Caison estimates that nearly half of her organization's membership is composed of people who have lost a loved one through circumstances such as homicide, kidnapping or to the unknown. Those personal connections to loss help make CUE members uniquely equipped to provide support and guidance. Many of them also understand all too well how it feels when law enforcement calls to report that they have a lead or that remains have been found. Often, those calls are followed by another one explaining that the lead didn't pan out or the remains were not a match.
"Every time a body is found it's like a punch in the gut, because they want it to be theirs, but they don't," Caison says. "It just jump-starts all of the pain and anguish all over again."
In the years since Ellen Sloan went missing, the only time Jake Sloan ever felt hopeful that he had found her was when law enforcement called to report that they'd discovered human remains that could be her, as was the case in 2007.
Maybe if her body turned up, Jake says, Lake County would be able to compile sufficient evidence for a prosecution. "No one wants to get that phone call that says, 'Hey, we've located the body. We ran DNA tests on it, it's your mom,'" he says. "No one wants to hear that. But it would be such a relief just to have a little bit more closure."
Lake County Detective Kim Leibenguth says that she too would like closure. After investigating Sloan's 2005 disappearance, Leibenguth left her detective position for five years to work as a school resource officer. One year ago, she returned. Leibenguth says that she's now following up on the Sloan case. In 2006, Gholson was arrested in Knoxville, Tenn., and returned to Montana. That same year, he was found guilty of incest and sentenced to 10 years in Montana Department of Corrections custody. He's currently incarcerated at the Crossroads Correctional Center in Shelby.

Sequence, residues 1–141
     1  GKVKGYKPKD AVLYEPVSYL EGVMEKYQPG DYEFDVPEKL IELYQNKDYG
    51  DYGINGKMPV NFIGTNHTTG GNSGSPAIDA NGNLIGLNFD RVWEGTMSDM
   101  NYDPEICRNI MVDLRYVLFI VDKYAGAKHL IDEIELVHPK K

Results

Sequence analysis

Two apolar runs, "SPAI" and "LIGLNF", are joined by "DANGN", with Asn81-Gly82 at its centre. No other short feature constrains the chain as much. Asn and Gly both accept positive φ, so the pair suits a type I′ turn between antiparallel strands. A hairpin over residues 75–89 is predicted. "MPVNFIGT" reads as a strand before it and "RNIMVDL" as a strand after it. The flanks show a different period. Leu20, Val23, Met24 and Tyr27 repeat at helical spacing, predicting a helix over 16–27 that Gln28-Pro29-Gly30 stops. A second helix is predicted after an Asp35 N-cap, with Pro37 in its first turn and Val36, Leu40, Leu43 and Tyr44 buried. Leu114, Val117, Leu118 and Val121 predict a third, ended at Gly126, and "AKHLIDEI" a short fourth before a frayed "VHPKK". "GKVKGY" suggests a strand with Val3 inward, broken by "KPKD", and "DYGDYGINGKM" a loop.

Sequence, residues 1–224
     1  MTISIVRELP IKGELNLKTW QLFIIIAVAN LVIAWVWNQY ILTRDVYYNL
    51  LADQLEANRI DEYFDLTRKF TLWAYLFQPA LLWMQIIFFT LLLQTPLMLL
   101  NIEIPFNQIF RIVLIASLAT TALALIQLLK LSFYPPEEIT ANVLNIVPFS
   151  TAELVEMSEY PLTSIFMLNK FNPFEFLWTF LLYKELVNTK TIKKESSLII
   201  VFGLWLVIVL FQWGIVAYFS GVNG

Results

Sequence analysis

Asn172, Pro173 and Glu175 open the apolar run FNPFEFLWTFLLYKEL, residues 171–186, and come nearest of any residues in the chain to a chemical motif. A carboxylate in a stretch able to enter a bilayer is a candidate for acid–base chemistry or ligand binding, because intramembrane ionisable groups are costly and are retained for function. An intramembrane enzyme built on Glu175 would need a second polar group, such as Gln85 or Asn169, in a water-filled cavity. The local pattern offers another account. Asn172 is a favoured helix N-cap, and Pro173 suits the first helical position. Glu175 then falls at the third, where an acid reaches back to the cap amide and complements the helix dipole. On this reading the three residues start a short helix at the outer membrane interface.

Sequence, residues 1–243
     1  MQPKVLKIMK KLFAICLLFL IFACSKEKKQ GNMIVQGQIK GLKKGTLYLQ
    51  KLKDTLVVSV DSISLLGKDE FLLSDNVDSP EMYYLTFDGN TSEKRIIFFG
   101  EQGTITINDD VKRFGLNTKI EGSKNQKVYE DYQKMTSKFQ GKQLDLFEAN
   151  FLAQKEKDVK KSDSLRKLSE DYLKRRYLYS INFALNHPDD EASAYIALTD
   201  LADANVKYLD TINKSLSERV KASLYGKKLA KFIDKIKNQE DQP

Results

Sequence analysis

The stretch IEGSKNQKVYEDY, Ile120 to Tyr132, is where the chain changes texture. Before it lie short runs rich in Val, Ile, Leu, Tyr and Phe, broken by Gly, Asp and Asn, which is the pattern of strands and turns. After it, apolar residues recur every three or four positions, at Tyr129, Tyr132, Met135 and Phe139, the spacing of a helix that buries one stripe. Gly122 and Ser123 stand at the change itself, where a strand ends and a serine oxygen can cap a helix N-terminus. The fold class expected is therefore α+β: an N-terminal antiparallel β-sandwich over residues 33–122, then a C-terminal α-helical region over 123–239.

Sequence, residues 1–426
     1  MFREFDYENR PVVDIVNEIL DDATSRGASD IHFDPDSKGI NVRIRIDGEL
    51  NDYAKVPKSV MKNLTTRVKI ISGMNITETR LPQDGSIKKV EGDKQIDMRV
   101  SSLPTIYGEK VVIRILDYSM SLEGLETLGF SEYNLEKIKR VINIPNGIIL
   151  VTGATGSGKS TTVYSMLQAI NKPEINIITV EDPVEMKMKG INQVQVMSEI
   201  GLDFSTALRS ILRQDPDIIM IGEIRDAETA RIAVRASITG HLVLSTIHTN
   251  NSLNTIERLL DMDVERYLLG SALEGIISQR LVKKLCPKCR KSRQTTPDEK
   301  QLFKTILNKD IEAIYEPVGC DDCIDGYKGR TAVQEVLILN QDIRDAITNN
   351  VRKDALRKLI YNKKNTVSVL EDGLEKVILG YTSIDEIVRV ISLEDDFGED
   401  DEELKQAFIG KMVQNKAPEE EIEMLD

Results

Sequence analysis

As the years go on, Jake says that it gets easier for him to talk about his mother. The discussion, however, almost always makes new acquaintances uncomfortable.
"It's always a very challenging conversation to have with people, when you meet someone, and they just happen to ask you, 'Is your mom still in Montana?' To tell that story, it's a lot different than, 'Well, my mom is no longer around,' to just say that she's missing."
Jake is cautious not to downplay the grief that accompanies death. "But losing someone to an unknown is even more tormenting," he says. "Like, 'When do you stop looking?' Am I doing enough? Am I upset enough? Am I doing all of the right things? Have I exhausted every effort?"
Losing someone to an unknown reshapes the way one interacts with the people they care about. Carl says that losing Barbara leads him to value now more than ever his personal relationships. Two years ago, he packed up Barbara's belongings, donating many of them to local charities. In March 2013, he met a woman from Post Falls, Idaho, on an online dating website. The two married in November and she moved into the Corvallis home. As part of Carl Bolick's effort to make a fresh start with his new wife, Sharon, they're remodeling the house.
On a recent blustery day, he looks toward the empty spaces awaiting new appliances not far from newly installed hickory flooring in the living room and says that he's ready to let go of Barbara.
"You just resign yourself to the fact after a while, she's gone. And she's not coming back," Bolick says. "At least, I don't think she is."